Getting to know New Zealand

November 30, 2003

Several of our friends have sent messages of concern about the day of agony on the reef in Fiji and we thank you for your concern. Satori did not suffer any above the waterline. She does have a sizeable dent on the port side below the waterline. Thank God that aluminum bends rather than breaks. In that spot she is down to the bare aluminum. There are various scrapes down to the aluminum in other places under the waterline. All of these places will be repaired and repainted when we haul out here in NZ. Our heart rates are back to normal and we look back on the whole experience as a lesson learned with a fortunate outcome. We have spent one month here in the marina at Whangarei (pronounced Fong-a-ray’). New Zealand has every service known for boats since one out of every three citizens of the country owns a boat. Our marina is located right downtown on the river where the city has revamped and built some nice shops and restaurants. There is a boardwalk along the river and some nice picnic areas and playgrounds. There are flowers everywhere here in NZ. Because it is spring, the countryside and parks are all a riot of color.

Today we took a ride with our friends, Julie and Steve, from the boat Dos Tintos of the Isle of Jersey. The three pictures were all taken on this ride north along the east coast between Whangarei and Opua.

Within a few days of our arrival we had purchased our new bank of house batteries, emptied half our bank account and were on our way to having plenty of electrical storage once again. A local fellow was more than happy to buy our Fijian batteries from us second hand.

This time we were able to get answers from the battery suppliers about the charging and proper maintenance of our batteries. In fact we have received several detailed faxes and e mails from the manager of the company. Having sent him our profuse thanks for his good service, he replied that he would be happy to stay in touch with us whenever we had questions or concerns about the batteries. He wrote, “I am an ex yachty so I am interested in assisting wherever I can, even on a non-commercial basis.” Fantastic!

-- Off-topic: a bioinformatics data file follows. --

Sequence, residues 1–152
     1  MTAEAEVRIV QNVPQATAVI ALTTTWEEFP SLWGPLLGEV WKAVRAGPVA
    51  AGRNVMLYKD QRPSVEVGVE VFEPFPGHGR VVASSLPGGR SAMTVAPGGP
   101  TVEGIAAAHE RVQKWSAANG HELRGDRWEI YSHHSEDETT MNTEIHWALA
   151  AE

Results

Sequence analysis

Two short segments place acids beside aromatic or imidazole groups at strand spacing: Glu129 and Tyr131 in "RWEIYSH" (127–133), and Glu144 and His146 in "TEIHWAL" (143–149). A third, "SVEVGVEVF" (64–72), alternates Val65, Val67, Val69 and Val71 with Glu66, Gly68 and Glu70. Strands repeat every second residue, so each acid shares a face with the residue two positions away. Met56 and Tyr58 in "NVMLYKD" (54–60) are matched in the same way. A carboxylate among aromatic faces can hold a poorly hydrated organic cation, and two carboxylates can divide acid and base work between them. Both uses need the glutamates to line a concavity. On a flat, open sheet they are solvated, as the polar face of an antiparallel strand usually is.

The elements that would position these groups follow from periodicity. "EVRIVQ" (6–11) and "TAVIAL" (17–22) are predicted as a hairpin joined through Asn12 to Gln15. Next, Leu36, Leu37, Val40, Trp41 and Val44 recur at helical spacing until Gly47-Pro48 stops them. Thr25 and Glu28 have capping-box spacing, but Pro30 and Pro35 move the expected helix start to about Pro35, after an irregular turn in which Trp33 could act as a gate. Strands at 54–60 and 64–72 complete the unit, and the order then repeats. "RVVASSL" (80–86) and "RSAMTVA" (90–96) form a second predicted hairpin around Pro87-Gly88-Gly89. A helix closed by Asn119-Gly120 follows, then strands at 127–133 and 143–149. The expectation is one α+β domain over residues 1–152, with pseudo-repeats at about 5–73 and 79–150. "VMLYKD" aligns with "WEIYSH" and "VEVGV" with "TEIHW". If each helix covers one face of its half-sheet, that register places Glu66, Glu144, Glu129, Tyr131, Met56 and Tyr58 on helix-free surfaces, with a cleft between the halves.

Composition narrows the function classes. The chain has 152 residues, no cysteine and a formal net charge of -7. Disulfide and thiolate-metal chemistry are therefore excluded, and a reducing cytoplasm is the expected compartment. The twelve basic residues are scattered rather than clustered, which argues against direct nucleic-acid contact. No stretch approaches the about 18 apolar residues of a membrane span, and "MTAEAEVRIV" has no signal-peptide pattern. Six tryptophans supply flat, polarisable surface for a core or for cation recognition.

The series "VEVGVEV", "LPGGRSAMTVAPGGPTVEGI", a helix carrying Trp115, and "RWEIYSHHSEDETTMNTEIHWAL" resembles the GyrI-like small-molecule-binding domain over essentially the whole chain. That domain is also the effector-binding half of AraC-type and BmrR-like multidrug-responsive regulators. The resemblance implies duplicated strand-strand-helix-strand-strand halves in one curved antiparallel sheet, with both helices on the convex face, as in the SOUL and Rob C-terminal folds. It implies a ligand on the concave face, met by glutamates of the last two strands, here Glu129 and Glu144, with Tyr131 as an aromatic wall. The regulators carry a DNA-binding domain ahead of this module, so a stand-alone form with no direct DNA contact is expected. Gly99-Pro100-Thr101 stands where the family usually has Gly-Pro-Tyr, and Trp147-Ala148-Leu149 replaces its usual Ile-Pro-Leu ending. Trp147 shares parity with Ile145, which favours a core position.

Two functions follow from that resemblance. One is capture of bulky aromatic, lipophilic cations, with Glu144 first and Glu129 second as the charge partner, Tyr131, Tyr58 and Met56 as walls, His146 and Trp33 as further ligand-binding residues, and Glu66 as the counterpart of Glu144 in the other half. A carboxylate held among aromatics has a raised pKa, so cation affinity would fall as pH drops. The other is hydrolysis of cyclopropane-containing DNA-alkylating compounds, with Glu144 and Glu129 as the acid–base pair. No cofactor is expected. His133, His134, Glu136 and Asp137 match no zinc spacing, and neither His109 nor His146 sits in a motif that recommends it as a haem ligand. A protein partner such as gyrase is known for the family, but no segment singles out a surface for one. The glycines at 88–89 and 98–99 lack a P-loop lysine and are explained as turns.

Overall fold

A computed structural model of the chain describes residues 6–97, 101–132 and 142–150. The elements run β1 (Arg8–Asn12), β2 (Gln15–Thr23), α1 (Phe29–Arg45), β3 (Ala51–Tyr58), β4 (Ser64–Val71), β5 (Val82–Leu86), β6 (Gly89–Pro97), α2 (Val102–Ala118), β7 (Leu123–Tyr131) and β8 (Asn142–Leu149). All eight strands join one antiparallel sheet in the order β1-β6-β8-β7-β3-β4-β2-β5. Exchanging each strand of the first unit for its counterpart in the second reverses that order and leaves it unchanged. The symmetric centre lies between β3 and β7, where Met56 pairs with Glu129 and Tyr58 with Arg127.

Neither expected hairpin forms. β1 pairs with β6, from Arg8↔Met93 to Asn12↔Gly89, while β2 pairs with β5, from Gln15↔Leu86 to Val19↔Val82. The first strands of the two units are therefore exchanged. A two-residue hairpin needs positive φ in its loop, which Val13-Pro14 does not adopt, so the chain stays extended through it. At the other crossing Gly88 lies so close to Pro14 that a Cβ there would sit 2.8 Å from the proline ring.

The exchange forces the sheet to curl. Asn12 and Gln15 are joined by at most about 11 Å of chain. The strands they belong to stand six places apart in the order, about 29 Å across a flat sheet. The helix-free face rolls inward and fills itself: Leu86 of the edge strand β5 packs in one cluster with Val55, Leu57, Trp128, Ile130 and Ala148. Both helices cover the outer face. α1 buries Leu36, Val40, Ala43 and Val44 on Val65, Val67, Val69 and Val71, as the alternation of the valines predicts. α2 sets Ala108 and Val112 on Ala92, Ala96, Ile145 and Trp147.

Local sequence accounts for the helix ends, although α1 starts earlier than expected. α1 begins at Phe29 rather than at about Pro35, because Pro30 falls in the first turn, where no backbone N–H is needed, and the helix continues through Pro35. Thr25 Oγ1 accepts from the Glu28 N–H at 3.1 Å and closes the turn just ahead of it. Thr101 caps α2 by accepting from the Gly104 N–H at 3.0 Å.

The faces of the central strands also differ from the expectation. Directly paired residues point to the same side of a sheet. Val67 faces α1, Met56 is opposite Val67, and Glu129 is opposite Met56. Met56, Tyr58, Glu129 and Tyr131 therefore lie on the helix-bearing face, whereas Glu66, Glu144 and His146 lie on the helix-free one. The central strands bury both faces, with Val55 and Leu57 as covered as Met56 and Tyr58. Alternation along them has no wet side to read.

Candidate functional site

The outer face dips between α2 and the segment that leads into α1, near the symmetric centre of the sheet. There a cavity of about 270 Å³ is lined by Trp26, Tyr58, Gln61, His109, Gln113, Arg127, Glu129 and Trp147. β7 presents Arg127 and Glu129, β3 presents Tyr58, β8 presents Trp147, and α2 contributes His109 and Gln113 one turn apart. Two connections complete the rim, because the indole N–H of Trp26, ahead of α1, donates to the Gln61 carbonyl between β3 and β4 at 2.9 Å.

Sander has been knee deep in engine oil for the past two weeks. He knew that we probably had an oil leak somewhere. Black oil all over the face of the engine is a pretty good clue. Of course when you start to dig to find a problem, you find multiple problems. After all, we had not done any extensive engine maintenance since the Chesapeake in 1998. Many dollars later and many days of agonizing work, we are still not finished but making headway.

Trust us…It is not all work and no play. Across the street from the marina is a German run micro brewery where we commiserate about costs and engine problems with Julie and Steve. We have also enjoyed the World Cup Rugby championships. They are held every four years and are organized somewhat like the Olympics. Each participating country can hire on whomever they want to play for them. Usually the players are from that country, but don’t have to be. The New Zealand “All Blacks” have always done well along with Australia, South Africa, England and France. This year NZ went to the semi-finals and beat France for third place. The final game between England and Australia was totally awesome. The game itself is non-stop rough and tumble. No time-outs and restrictions for these fellows! The final game went into over-time and nearly went into a sudden death situation. Julie and Steve are totally devoted to the English team and were nervous wrecks before the end of the game about 1 in the morning. All’s well that ends well. England scored the first victory for a northern hemisphere country since the games began and we all went home happy.